The Faux pas of a Vert Galant: The Historiography of Henry IV's Military Leadership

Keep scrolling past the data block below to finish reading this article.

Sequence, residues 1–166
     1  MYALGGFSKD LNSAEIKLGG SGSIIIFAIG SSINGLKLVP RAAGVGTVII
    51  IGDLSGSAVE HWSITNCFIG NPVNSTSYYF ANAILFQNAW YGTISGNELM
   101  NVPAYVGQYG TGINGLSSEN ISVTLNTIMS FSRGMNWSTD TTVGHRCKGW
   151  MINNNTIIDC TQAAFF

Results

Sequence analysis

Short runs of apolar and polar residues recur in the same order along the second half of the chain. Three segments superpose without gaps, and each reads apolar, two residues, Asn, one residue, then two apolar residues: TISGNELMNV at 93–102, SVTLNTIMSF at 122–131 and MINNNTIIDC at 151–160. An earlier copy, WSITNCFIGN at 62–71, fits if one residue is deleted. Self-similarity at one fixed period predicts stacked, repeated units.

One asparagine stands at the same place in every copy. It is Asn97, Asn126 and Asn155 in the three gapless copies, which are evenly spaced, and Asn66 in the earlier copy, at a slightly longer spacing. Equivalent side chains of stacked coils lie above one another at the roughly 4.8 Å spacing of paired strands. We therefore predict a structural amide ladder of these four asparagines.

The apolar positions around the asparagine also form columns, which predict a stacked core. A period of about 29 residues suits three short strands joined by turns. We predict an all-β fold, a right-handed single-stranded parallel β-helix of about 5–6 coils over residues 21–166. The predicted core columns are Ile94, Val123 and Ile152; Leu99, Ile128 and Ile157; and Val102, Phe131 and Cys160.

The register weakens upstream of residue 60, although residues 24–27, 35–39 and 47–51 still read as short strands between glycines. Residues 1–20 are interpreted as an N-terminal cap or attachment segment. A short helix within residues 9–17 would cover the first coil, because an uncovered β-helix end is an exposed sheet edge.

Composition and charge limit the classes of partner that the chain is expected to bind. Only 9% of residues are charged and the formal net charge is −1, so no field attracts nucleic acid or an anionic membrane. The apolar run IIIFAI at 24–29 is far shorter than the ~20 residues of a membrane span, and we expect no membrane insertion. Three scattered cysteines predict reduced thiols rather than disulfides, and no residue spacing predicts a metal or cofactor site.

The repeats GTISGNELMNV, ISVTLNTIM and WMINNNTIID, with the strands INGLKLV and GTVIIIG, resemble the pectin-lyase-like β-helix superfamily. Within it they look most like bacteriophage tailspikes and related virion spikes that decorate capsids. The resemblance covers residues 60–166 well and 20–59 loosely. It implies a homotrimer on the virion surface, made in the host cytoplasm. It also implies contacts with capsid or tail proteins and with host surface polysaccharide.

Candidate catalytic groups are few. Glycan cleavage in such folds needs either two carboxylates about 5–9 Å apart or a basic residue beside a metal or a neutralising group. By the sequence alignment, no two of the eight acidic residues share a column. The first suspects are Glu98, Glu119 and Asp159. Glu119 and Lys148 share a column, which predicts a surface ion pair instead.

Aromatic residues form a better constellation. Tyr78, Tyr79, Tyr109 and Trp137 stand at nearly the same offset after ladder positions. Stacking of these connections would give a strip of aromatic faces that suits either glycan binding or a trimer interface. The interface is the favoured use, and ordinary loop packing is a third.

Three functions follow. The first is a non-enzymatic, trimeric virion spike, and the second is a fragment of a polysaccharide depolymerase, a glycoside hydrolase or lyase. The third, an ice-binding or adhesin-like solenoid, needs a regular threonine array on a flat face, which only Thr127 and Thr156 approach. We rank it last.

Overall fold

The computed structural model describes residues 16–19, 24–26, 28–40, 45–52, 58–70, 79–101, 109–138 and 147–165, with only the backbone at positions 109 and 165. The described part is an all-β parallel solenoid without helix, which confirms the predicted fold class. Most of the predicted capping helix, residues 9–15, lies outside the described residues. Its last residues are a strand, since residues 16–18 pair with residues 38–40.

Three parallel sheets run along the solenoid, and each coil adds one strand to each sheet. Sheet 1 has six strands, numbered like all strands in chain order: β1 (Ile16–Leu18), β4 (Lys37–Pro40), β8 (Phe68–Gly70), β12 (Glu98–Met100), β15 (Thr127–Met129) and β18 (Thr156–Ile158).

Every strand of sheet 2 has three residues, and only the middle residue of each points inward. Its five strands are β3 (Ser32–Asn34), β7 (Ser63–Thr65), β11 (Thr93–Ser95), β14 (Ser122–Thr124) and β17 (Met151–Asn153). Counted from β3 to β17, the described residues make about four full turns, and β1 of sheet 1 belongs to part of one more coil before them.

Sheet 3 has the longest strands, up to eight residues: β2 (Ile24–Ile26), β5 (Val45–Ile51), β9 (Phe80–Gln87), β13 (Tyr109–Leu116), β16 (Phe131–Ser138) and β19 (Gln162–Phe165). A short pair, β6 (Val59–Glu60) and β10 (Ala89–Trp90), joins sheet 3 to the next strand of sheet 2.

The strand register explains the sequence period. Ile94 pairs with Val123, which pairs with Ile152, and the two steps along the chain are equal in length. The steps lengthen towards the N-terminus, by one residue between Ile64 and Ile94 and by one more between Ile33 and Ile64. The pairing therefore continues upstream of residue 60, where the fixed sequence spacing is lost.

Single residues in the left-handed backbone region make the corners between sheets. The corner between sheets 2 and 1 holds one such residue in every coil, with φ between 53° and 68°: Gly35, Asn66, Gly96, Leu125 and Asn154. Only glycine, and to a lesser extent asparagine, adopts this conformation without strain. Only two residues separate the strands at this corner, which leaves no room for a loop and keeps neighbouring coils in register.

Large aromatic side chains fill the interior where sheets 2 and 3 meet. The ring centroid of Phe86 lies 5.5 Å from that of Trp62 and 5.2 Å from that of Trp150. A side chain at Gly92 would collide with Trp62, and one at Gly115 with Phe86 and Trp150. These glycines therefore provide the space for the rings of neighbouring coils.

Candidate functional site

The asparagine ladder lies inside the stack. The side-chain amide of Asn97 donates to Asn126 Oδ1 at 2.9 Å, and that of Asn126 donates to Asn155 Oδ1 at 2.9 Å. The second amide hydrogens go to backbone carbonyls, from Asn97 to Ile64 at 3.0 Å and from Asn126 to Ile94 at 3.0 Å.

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Henry IV is one of the few historical figures whose military reputation rests on the fact that he operated successfully during the course of his life at all definable levels of military command: as a soldier and partisan leader, a battlefield tactician, a campaigner, and a national strategist. He fought in over two hundred engagements, never lost a battle, and was the major victor in four landmark battles. Nevertheless, until recently most judgments by French, British, and American historians, scholars like Pierre de Vaissière, Sir Charles Oman, Lynn Montross, and David Buisseret, have portrayed Henry IV not as a great military commander, but as a risk-taking opportunist, always the Vert Galant in the guise of a skilled tactician and cavalryman. He has been condemned as a casual strategist who was often too shortsighted to take full advantage of his successes. Even Buisseret, a historian who clearly likes Henry and produced a biography in the 1980s that emphasized his military prowess, dismissed him in the end as a "poor strategist." This negative, or at best lukewarm, evaluation of Henry IV reflects assumptions by French historians, military historians, and military scientists that are based chiefly on post-Westphalian logic which views decisive battle and military objectives in the context of modern warfare between nation-states. More recently, however, scholars like Ronald S. Love have begun to place early modern warfare into a paradigm that perceives war, warfare, and military operations as social and political phenomena not restricted by or to states and not necessarily the preserve of rational actors with strictly defined battlefield goals. In the process, they have put history back into military history. This new perception of conflict and military engagements lends itself to a revised evaluation of Henry IV as a military commander and highlights his genius as a general who understood that pressing the advantages of a particular battle was not as important as winning the war.